Directed by James Foley
Written by William Goldman and Phil Alden Robinson
Coming off the success of A Time to Kill, we find the Grisham marathon turn to a young, hot Chris O’Donnell and old reliable actors Gene Hackman and Faye Dunaway to continue the success of the John Grisham cinematic universe. Sadly, the momentum has died out once again with The Chamber measuring in as a disappointing procedural with very little panache or explosive story to carry its judicial tale much further than the big screen adaptation as a vehicle for its stars. I know Grisham had tremendous commercial success as an author during the 90s, but I am beginning to see why the Hollywood adaptation model began to die out after this run, with just The Rainmaker and Runaway Jury to come before closing the book on this marathon.
Adam Hall (Chris O’Donnell) is a young lawyer who has just joined a firm in Chicago. Hoping to impress the boss, as well as for personal reasons, Hall pitches a defense for Sam Cayhall (Gene Hackman), an admitted racist who is on death row awaiting his execution via the gas chamber for his involvement in the murder of two children, who died in an explosion intended for a Jewish, minority sympathetic lawyer. As we soon learn, Adam is Cayhall’s grandson, conflicted by his blood, his displeasure of his grandfather, and his dedication to the law. Adam must navigate the testy opinion of his grandfather en route to defending his life and attempting to avoid the execution.
The up and downs of this marathon continue with this disappointing entry. Despite the best efforts of Gene Hackman, who is clearly dedicated to being as disgustingly racist as possible, his verve is not matched by Chris O’Donnell, who is in the middle of his 90s moment which did not pan out simply due to the fact that he just wasn’t the next Tom Cruise (see The Firm). Ultimately, this is not really O’Donnell’s fault, as the material is just not all that stirring and cinematic as past entries have been. As I will explore further, the premise is solid, but Foley’s execution leaves a lot to be desired, seemingly avoiding the tough questions in any depth of investigation.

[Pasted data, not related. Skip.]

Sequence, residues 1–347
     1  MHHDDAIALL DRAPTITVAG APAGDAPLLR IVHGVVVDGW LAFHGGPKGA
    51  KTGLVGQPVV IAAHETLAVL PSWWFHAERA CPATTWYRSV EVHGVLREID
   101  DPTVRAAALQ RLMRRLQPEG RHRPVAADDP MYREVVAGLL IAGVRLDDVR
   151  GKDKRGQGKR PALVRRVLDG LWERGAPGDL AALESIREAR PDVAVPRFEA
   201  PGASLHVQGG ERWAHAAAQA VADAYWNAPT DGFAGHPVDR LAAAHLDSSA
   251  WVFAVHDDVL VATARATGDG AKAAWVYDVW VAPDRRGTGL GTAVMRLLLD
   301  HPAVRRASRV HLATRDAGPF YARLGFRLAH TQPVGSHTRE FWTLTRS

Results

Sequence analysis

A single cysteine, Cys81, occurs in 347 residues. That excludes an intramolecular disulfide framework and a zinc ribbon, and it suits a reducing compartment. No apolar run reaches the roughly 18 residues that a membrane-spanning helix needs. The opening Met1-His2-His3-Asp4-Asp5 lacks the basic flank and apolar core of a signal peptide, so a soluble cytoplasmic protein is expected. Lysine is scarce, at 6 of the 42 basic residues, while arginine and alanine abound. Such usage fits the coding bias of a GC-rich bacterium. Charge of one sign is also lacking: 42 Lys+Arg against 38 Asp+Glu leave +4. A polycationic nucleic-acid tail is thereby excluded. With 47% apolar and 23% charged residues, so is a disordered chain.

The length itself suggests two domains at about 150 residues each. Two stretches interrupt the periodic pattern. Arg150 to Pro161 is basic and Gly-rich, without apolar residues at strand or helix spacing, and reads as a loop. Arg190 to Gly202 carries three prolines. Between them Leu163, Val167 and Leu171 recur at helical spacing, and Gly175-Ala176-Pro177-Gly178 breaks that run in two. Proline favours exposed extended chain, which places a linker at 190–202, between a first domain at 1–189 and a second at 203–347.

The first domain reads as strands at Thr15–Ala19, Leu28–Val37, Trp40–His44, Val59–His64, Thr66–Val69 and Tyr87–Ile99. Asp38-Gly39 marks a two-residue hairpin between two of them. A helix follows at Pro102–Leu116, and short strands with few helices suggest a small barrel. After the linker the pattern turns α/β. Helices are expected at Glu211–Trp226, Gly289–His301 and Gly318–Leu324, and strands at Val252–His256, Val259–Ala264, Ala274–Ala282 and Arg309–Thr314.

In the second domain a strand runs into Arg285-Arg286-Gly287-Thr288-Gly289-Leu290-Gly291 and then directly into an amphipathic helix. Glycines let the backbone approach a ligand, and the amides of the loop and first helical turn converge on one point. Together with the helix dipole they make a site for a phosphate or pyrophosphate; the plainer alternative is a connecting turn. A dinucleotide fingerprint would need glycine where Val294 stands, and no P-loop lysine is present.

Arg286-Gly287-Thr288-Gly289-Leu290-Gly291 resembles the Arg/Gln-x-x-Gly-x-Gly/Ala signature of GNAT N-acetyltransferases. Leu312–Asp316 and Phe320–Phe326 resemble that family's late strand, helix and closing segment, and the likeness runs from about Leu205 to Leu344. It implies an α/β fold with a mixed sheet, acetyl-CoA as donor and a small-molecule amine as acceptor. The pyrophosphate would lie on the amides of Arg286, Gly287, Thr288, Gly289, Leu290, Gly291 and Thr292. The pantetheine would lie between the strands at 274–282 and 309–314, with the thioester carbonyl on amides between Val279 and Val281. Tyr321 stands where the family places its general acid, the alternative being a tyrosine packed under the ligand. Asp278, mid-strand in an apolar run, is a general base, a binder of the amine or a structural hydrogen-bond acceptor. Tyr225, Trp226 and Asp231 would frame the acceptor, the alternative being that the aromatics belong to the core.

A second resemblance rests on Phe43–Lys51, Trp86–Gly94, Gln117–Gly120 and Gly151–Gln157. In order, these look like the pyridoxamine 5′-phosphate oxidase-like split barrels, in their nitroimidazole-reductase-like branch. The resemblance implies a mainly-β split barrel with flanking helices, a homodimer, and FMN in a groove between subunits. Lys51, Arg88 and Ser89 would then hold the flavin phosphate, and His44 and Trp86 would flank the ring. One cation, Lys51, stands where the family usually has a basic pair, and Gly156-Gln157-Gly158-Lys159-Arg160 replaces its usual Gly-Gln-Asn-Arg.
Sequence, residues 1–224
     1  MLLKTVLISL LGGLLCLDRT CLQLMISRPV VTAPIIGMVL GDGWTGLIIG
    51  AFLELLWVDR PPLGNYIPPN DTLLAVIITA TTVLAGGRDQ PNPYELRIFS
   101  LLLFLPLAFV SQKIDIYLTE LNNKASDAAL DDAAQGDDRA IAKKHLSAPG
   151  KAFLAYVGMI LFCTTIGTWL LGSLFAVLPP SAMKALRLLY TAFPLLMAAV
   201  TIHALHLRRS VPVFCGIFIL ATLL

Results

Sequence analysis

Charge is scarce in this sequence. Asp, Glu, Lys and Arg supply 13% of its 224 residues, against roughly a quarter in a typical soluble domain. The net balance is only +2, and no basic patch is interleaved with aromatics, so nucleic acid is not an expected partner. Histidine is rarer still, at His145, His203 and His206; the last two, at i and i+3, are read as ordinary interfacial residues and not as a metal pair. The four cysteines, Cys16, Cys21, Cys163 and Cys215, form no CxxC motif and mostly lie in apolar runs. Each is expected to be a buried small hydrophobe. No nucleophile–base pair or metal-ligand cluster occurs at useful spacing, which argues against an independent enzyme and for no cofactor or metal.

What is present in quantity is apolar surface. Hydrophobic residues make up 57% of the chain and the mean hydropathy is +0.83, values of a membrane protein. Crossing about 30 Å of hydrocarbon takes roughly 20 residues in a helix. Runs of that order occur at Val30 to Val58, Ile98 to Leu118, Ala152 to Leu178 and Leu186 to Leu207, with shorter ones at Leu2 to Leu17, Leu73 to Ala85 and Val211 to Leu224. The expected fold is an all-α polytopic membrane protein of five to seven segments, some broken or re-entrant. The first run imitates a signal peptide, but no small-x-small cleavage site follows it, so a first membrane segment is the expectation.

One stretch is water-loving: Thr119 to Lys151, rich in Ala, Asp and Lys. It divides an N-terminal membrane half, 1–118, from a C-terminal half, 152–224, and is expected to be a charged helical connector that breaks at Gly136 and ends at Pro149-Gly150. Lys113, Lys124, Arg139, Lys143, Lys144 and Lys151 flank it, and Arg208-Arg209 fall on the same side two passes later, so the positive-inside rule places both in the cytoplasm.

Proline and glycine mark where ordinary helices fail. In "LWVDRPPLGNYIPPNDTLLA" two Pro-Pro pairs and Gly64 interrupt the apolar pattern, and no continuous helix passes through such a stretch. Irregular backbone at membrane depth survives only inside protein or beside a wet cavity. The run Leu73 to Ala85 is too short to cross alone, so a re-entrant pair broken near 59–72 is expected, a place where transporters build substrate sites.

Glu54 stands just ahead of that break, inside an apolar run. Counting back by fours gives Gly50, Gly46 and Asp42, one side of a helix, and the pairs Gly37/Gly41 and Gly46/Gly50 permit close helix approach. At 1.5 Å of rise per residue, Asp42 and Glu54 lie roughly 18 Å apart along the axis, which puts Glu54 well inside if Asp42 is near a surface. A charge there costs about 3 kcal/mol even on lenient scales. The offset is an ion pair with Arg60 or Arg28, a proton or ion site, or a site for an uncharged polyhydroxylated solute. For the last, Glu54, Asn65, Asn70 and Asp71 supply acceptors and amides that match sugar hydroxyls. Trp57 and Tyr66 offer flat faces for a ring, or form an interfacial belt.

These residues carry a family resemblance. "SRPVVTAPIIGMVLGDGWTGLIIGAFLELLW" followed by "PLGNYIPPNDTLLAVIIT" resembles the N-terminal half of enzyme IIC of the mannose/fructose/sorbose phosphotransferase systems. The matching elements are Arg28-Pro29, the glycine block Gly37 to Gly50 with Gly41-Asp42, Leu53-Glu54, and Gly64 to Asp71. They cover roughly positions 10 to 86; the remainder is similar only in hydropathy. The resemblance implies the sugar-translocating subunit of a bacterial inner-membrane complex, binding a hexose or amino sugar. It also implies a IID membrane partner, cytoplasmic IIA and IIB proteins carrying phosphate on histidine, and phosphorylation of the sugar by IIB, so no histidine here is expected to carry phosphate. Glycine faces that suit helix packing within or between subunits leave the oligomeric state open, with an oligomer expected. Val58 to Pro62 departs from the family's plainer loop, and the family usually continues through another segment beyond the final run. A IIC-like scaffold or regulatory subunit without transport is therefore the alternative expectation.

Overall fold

While I think the moral struggle of defending such a terrible person, one who admits to being as racist as he is, and having committed the crime of which he is convicted, James Foley did not really communicate that struggle as purposefully as it could have been, which is likely partially due to O’Donnell’s limited charisma and emotional resonance with the audience. It’s a fascinating problem of trusting the law, believing in the law, and defending the law over all things human in terms of emotion, aggression and revenge. Everyone wants to see this man die, but is his death just? Does the law truly defend taking his life, or is the human element of passion and anger playing too large a part in the fate of Sam Cayhall.
I wish we could have seen a better investigation of these questions, especially with the involvement of Sam’s sister Lee, played by Faye Dunaway, and her embarrassment to be related to this man, going to lengths to hide this fact. As I work my way through this review, I slowly realize that there is actually much more to this story than I remember, which is a failing of the film. I would imagine that the text on which the film is based is much richer and more interesting, as the resulting adaptation squanders interesting ideas and questions and instead delivers only a mildly entertaining and mediocre slog through the process.